Forest Society of Maine: Conservation Connections from the Forests to the Coast
Boaters exploring the waters off Bay Point or Popham Beach know they are at the mouth of the Kennebec River. They might also know how far inland the river snakes but do they know that its current originates at Moosehead Lake, which is surrounded by over 400 miles of shoreline, spectacular mountains, pristine lakes, and vast forestlands? Hundreds of thousands of acres of forestland in the Moosehead Lake region are conserved either in fee or under easement. Notably, these forests lie within two different watersheds. If you stood atop Scammon Ridge in Greenville, with your feet spread apart, one foot would fall on land whose waters flow into the Kennebec watershed and the other on land whose waters flow into the Penobscot watershed.
Maine’s North Woods contain significant portions of seven out of ten of Maine’s major watersheds. These forested watersheds are the source of clean water for Maine communities, wildlife habitat, and working forestlands. They cover an expanse of 12 million acres—3.5 times the size of the state of Connecticut. These undeveloped forestlands provide Maine with the last dark skies east of the Mississippi and encompass the final stronghold of Eastern brook trout in the eastern United States.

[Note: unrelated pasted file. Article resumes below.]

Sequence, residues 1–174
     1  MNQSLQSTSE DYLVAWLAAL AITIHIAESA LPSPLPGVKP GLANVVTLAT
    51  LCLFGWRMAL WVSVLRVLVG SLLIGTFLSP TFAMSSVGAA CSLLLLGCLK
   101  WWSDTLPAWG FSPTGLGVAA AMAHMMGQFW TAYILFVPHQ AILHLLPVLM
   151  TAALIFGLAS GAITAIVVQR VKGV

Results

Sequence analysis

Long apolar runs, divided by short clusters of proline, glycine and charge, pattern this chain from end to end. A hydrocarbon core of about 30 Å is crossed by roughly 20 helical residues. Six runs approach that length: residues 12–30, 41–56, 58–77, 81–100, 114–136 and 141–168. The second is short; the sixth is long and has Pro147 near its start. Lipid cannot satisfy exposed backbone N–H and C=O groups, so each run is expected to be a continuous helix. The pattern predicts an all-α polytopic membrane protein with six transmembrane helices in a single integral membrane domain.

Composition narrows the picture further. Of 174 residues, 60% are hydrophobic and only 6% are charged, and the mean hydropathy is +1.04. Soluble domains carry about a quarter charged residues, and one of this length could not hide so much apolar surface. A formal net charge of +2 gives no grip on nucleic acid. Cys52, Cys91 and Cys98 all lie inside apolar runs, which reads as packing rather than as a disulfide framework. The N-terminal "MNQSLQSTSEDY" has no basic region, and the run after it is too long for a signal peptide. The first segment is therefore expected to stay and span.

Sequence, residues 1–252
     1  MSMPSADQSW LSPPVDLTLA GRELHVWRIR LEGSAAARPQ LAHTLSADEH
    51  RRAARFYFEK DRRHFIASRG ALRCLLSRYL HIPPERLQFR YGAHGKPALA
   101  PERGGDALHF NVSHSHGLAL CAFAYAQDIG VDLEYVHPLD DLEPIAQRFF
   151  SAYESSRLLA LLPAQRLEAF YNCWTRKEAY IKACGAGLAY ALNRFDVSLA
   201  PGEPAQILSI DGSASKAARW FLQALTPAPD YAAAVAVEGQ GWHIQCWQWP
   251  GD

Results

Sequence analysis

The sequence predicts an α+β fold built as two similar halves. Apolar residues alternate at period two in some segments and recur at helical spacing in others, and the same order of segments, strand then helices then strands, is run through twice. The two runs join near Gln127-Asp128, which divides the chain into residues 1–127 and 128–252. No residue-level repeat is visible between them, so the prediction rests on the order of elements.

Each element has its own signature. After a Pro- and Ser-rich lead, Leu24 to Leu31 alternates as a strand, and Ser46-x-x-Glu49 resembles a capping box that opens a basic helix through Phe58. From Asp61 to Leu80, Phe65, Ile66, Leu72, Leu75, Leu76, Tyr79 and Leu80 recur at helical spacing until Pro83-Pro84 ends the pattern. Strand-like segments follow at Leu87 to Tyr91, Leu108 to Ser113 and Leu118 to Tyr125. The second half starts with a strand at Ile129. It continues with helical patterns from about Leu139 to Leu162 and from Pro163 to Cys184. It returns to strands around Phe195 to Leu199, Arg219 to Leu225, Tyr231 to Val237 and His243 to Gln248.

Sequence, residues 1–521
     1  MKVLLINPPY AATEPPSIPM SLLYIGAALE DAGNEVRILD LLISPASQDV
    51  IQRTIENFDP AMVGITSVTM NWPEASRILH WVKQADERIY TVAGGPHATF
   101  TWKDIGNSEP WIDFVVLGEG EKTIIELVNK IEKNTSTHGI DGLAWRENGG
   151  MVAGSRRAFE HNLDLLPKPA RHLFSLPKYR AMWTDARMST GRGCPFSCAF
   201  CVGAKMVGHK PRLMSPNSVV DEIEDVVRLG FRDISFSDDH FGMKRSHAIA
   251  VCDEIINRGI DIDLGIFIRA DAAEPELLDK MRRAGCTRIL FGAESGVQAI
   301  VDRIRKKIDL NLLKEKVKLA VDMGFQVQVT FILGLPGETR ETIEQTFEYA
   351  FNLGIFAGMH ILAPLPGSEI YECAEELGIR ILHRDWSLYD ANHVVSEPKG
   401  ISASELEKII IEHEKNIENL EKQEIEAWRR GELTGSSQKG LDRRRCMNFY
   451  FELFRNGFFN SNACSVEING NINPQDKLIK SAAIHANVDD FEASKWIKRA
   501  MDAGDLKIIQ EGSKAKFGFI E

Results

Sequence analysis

The North Woods are increasingly recognized for their resilience against climate change and their capability to capture and store carbon dioxide. Maine’s forests can sequester as much as 60% of the state’s annual carbon emissions (a figure that rises to 75% if forest products are included). But Maine loses 10,000 acres of natural and working lands to development annually, which makes it more important now than ever to conserve Maine’s forests as forests, and to minimize development and forestland fragmentation.
The Forest Society of Maine, based in Bangor, is Maine’s land trust for the North Woods. FSM has helped conserve about one million acres of forestland, 90 percent of which are working forests. The organization’s forest conservation easements include the headwaters of many of Maine’s largest ocean-bound rivers—the Kennebec, the Penobscot, the Androscoggin, and the St. Croix. These easements are permanent and prevent development and conversion to other uses, and often ensure pedestrian access. The conservation of forestland in these watersheds helps mitigate climate change, and protect clean waters, riparian wildlife habitat, and the economic benefits that forests and rivers provide all the way down to ocean harbors.
Wherever you are along the coast, the next time you find yourself boating past the mouth of one of Maine’s great rivers, take a moment to reflect on the forests and wildlands from whence these waters flow, and the land trusts in Maine, such as FSM, that are continually working to keep the headwaters protected and the surrounding forestlands conserved forever!
For more information, visit us at www.fsmaine.org or call (207) 945-9200.